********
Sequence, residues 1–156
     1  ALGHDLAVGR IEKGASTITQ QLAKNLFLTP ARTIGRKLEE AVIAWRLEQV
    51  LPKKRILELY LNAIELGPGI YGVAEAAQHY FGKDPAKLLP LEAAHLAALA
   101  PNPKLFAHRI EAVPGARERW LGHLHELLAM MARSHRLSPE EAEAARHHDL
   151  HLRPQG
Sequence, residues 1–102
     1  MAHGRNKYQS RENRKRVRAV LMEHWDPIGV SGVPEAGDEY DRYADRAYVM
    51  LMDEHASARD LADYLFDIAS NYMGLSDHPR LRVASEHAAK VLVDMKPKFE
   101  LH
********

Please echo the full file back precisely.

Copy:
Sequence, residues 1–156
     1  ALGHDLAVGR IEKGASTITQ QLAKNLFLTP ARTIGRKLEE AVIAWRLEQV
    51  LPKKRILELY LNAIELGPGI YGVAEAAQHY FGKDPAKLLP LEAAHLAALA
   101  PNPKLFAHRI EAVPGARERW LGHLHELLAM MARSHRLSPE EAEAARHHDL
   151  HLRPQG
Sequence, residues 1–102
     1  MAHGRNKYQS RENRKRVRAV LMEHWDPIGV SGVPEAGDEY DRYADRAYVM
    51  LMDEHASARD LADYLFDIAS NYMGLSDHPR LRVASEHAAK VLVDMKPKFE
   101  LH